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COVID-19 pandemic recovery, culture wars, book bans and virtual charter schools are a few of the education topics that made big headlines in 2022.
Here’s a look back at five of the most important education stories Oklahoma Watch covered this year.
• Book Ban Disputes Roiled These Oklahoma Communities. Here’s What Happened. Library book challenges were one of several culture war issues that schools were dealing with this year. Coordinated social media efforts by conservative groups spread these disputes far, wide and at lightning speed.
• Epic Co-Founders, Former CFO Arrested on Embezzlement, Racketeering Charges. After a yearslong investigation by law enforcement, the co-founders and chief financial officer of Epic Charter Schools are facing criminal charges. Investigators say the three men siphoned public funds into a private business and spent millions on lobbying, political donations and personal purchases.
• Stitt Gave Families $8 Million For School Supplies in the Pandemic; They Bought Christmas Trees, Gaming Consoles and Hundreds of TVs. In a joint investigation with The Frontier, we found lax oversight of a federal COVID-19 relief program allowed hundreds of thousands of dollars to be spent on non-educational items. And the governor’s plans for the second round of funds have still not been announced.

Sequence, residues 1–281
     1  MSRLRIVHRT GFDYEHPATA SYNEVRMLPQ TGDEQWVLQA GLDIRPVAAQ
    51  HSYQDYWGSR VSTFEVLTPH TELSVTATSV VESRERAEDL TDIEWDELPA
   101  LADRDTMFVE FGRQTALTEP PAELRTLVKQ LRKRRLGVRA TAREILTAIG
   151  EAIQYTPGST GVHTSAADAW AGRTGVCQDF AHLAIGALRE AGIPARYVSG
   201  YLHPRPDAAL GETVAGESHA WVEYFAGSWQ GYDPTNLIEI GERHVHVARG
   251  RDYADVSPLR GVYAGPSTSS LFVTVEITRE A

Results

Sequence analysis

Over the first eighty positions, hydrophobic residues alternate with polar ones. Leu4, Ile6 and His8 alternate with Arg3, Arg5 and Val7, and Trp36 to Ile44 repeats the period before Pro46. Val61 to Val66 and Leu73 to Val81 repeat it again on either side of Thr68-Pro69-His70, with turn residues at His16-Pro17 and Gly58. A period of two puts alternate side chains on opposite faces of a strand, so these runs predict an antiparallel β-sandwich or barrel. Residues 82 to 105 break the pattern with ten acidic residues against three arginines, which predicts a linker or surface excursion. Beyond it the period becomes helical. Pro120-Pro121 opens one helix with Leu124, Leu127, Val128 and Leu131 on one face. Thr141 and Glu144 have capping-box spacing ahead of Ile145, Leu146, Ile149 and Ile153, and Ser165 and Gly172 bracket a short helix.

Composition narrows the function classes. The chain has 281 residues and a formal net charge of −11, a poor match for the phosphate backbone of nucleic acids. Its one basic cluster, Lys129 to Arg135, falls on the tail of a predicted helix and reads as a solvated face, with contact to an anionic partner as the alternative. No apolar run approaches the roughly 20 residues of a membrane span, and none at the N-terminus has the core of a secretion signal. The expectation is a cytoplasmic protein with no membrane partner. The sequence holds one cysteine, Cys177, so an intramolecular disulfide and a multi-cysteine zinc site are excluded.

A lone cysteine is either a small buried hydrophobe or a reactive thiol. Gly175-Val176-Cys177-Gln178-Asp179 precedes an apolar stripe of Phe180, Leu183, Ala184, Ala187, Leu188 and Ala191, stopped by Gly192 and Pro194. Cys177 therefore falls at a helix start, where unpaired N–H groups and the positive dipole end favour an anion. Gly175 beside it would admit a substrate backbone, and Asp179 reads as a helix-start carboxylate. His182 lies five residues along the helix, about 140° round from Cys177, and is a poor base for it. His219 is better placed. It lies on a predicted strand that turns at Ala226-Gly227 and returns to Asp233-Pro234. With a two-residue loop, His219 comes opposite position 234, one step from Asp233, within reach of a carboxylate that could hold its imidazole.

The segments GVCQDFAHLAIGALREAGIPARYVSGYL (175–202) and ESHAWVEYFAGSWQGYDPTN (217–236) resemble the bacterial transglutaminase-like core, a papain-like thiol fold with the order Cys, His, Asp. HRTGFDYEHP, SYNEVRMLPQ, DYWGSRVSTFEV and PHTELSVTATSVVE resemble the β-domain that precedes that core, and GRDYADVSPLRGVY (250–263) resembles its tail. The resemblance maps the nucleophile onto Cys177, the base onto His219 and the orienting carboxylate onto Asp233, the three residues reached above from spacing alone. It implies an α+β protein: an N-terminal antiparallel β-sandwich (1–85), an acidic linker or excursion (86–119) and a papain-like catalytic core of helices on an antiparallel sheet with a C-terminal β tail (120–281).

• Analysis: How Stitt, Walters Victories Could Impact Education. 2022 was a big election year. Gov. Kevin Stitt won a second term, and his pick for superintendent of public instruction, Ryan Walters, was elected.
• All States Lost Ground on Nation’s Report Card. Oklahoma Slipped More Than Most. The pandemic’s negative impact on student learning was significant, as state and national test results show. Virtual schooling just didn’t work for many students, and the stress and trauma from illness and death compounded students’ and teachers’ difficulties.
As the year comes to a close (this will be the last Education Watch of 2022), I just want to say thank you for reading! What stories should I be covering in 2023? I have some ideas, but I’d love to hear from you via email or direct message.
— Jennifer Palmer
- Schools are being hit by a “triple-demic” of flu, RSV and COVID-19, but teachers say they don’t feel like they can stay home when sick. [The 19th]
- Western Heights Public School district is turning over a new leaf after its board accepted the resignation of three former board members and approved a settlement with its former superintendent. [NonDoc]
- Rapidly growing and increasingly influential conservative groups have gone beyond just challenging books and are funding the campaigns of school board candidates to drive restricted school book access. [The New York Times]
New on Oklahoma Watch
Ari Fife reports on the Oklahoma City council’s withdrawal, in the wake of public outrage, of two proposed ordinances that would have outlawed homeless encampments. Also: Whitney Bryen on a mental health survey and Lionel Ramos on Medicaid expansion. [Read more]
The department’s Crime Stopper Facebook posts frequently feature nonviolent offenses and phrasing that imply guilt before an investigation is completed. Critics say the posts bully the accused and can impede justice. Other state law enforcement agencies differ in their approach. [Read more]
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